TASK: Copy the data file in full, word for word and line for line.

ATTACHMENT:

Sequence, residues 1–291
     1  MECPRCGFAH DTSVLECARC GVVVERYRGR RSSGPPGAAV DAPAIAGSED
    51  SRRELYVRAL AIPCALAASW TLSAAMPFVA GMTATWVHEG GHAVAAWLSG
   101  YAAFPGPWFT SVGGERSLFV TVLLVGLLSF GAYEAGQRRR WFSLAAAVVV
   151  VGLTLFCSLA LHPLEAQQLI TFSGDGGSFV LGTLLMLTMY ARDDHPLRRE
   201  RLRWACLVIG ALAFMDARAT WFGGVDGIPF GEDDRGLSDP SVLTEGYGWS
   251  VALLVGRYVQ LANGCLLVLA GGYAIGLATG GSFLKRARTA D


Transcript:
Sequence, residues 1–291
     1  MECPRCGFAH DTSVLECARC GVVVERYRGR RSSGPPGAAV DAPAIAGSED
    51  SRRELYVRAL AIPCALAASW TLSAAMPFVA GMTATWVHEG GHAVAAWLSG
   101  YAAFPGPWFT SVGGERSLFV TVLLVGLLSF GAYEAGQRRR WFSLAAAVVV
   151  VGLTLFCSLA LHPLEAQQLI TFSGDGGSFV LGTLLMLTMY ARDDHPLRRE
   201  RLRWACLVIG ALAFMDARAT WFGGVDGIPF GEDDRGLSDP SVLTEGYGWS
   251  VALLVGRYVQ LANGCLLVLA GGYAIGLATG GSFLKRARTA D